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\title{{\bf\huge Automata and Formal Languages}}
\author{Course Number: 20-ECES-670 \\
Instructor: Hongwei Xi \\
University of Cincinnati \\[1ex]
{\tt hwxi@ececs.uc.edu}}
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\date{{\bf\Large Fall 2000}}
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Here is some administrative information on the course.
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Classroom & 501 Swift Hall \\
Time & MWF 2-2:50PM \\
Office Hours & Wednesday 3-6PM \\
Midterm & Monday, October 30, 2000, 2-2:50PM \\
Final & 7:30-9:30AM, Tuesday, Dec 5, 2000, 1:30-3:30PM \\
Grade & Homework(25\%) + Midterm(25\%) + Final(50\%) \\
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{\em Automata and Formal Language} is an introductory course on
automata, formal languages, computability and computational
complexity.
Automata theory deals with the definitions and properties of
mathematical models of computation. These models play a role in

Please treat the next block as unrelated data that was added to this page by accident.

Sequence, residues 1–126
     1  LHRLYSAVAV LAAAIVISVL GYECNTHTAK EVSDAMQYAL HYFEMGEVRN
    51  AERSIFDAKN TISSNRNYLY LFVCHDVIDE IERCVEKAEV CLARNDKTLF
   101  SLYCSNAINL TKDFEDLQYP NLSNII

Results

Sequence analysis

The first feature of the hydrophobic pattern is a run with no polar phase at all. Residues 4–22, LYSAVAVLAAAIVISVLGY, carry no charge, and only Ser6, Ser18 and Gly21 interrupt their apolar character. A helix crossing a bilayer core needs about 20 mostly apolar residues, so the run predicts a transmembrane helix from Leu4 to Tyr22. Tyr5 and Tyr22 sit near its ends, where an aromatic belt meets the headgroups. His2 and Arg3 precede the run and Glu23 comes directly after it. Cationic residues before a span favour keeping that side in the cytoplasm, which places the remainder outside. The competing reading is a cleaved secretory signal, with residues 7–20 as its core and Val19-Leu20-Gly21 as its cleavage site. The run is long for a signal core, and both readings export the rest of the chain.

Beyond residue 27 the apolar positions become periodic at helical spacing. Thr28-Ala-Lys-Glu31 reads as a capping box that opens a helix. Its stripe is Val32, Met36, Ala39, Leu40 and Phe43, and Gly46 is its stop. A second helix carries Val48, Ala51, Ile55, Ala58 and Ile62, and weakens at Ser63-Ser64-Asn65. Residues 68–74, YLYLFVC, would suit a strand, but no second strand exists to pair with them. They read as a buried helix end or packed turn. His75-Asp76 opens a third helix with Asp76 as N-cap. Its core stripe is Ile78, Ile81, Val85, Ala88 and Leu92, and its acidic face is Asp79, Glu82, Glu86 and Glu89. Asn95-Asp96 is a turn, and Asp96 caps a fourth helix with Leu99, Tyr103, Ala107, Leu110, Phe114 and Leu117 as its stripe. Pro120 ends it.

several areas of computer science. One model, called the finite
automaton is used in text processing, compilers and hardware
design. Another model, called the context-free grammar (which is
equivalent to pushdown automaton), is used in programming languages
and artificial intellegience. Yet another model, called Turing
machine, is used in formalizing the notion of computability. The
Church-Turing thesis states that the intuitive notion of algorithms is
equivalent to Turing machine algorithms, which makes it possible to
establish various undecidablity results. For instance, it is to be
presented in the course that the halting problem is undecidable.
The course also studies various time complexity results on algorithms,
introducing two important classes of problems P and NP.
Automata and Formal Language is an excellent place to begin the study
of the theory of computation, allowing practice with mathematical
formalism.
The following are some major topics that are to be covered in this
course.
\begin{enumerate}
\item Deterministic and nondeterministic finite automata
\item Regular languages
\item Context-free languages and pushdown automata.
\item Turing machines
\item Decidability
\item P and NP classes
\item Cook's theorem
\end{enumerate}
Please find more information on the homepage for the course at:
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\verb`http://www.ececs.uc.edu/~hwxi/academic/courses/eces-670/eces-670.html`
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